As a product owner and Agile coach, I’ve spent countless hours helping teams and stakeholders understand and articulate product-related decisions. With the stress to meet leadership and customer expectations, I am often reminded of the most valuable question a product owner must ask to be successful in his or her role. It’s a variation of the same question endlessly asked by young children, often to the annoyance of their parents: Why?
Great product owners always ask why.
In life or in business, it makes sense to know why we’re doing a particular task or activity on any given day. But think about it — have you ever spent time at work plugging away at a project, only to wonder why your company ever decided to spend money in the first place? Do you know the “why” of your own work? Or do you struggle to see how it connects to the bigger, strategic picture? Have you ever asked “why” when stuck in one of those spirals of seemingly meaningless activity — only to deal with the aftermath of your boss’s reaction?
Asking why is not a very easy, or very popular, thing to do. Even the most intelligent among us have difficulty asking this simple, one-word retrospective question before taking action. Doing so can unearth decisions that reveal you or your company have failed to truly understand the problem. And no one likes to admit they’ve failed.
Why ask why?
As product owners, we’ve been tasked with the tremendous responsibility of knowing why a customer or stakeholder would want a particular product or feature. We need to ask why we’re considering that feature or roadmap priority because it ensures we deliver value to our customers.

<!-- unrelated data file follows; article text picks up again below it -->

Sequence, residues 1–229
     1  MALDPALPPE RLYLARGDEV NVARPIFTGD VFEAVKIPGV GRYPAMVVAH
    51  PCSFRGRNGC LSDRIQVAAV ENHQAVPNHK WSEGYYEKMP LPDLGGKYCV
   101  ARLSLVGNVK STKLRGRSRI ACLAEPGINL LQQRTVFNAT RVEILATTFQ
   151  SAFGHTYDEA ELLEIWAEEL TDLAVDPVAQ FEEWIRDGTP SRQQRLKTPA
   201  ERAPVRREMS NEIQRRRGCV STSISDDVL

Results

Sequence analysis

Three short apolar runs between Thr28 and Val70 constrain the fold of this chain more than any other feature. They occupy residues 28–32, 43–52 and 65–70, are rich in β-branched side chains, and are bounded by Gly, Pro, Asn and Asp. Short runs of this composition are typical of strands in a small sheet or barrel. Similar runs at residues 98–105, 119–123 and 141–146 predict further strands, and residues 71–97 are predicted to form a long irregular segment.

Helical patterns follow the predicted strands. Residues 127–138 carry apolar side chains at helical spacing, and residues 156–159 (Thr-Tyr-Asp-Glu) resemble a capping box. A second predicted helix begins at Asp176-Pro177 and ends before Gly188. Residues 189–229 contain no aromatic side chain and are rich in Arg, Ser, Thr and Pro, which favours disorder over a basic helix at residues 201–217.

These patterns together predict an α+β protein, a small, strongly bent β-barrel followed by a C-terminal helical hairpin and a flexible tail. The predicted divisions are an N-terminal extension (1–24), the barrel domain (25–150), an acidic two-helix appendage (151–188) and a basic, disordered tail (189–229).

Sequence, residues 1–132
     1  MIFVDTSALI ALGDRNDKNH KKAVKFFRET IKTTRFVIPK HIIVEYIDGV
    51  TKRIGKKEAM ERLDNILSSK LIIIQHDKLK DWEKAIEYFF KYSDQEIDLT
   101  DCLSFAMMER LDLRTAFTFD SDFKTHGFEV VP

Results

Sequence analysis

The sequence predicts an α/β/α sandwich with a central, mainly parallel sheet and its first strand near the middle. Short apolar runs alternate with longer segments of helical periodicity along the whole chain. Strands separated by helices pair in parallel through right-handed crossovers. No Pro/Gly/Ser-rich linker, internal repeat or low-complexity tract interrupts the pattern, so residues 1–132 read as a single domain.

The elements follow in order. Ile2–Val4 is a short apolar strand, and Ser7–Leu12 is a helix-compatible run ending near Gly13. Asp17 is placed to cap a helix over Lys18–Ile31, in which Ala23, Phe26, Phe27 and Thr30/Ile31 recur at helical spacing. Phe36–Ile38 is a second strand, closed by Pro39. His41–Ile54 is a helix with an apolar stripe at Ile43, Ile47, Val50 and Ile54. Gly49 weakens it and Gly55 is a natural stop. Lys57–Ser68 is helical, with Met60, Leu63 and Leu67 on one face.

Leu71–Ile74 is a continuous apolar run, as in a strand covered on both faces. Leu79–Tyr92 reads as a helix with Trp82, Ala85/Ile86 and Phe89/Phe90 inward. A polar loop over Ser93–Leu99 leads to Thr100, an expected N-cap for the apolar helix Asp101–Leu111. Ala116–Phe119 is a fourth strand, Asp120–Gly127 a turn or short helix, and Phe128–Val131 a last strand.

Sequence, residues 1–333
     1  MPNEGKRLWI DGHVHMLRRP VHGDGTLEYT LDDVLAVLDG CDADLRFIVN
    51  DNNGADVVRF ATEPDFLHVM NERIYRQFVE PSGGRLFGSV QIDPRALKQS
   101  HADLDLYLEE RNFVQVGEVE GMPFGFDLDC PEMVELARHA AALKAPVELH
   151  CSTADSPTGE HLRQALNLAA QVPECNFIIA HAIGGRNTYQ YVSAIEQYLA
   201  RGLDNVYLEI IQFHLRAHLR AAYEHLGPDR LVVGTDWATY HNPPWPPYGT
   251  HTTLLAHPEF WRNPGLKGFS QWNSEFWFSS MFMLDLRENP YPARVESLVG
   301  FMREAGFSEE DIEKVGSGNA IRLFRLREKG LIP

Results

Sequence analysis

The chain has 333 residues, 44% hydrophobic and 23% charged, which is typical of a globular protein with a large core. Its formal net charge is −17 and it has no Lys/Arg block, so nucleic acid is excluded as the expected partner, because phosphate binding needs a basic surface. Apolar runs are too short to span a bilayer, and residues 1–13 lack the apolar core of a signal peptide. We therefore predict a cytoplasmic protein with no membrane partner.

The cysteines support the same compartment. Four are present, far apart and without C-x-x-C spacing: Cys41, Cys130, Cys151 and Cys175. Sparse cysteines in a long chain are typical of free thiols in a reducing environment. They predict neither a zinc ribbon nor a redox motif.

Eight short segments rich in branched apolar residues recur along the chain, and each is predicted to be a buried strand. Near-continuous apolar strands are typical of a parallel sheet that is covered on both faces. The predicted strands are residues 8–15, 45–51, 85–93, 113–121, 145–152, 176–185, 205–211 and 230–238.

According to Scrum.org, the primary responsibility of the product owner is to maximize the value of the product or product increments we deliver. How can we know we’re delivering value if we don’t know why we’re developing something in the first place?
What happens when we don’t ask why?
Failing to ask this all-important question means we end up making a lot of assumptions about what a customer wants. Is the product backlog item coming from a sales rep with a very unhappy customer? Is the rep requesting you do exactly what that one customer says, even if it means creating a feature no one else will care about?
Product owners need to ask why in order to ensure there’s a clear vision and purpose behind product development — and to avoid making reactionary choices. Saying no to important customers or stakeholders can be difficult. But it’s also an important skill for product owners to master in order to protect the product.
Variations on the why question
There are numerous ways of asking open-ended questions to get to the why, but here are some examples that have proven useful in my conversations with clients or stakeholders:
- What problem are we trying to solve?
Stakeholders have a tendency to focus on functionality, so product owners often hear things like “I want X, Y and Z.” By asking what problem we are actually trying to solve, we quickly get to the heart of why a customer might be struggling with a current product. And for new products, it can help us identify opportunities to innovate or provide unique solutions.
To get a customer to care about a product, there has to be something in it for them. If you as a product owner can find a way to make customers’ lives better or easier, you’ll gain their purchase. From there it will be up to you to keep their trust and engagement.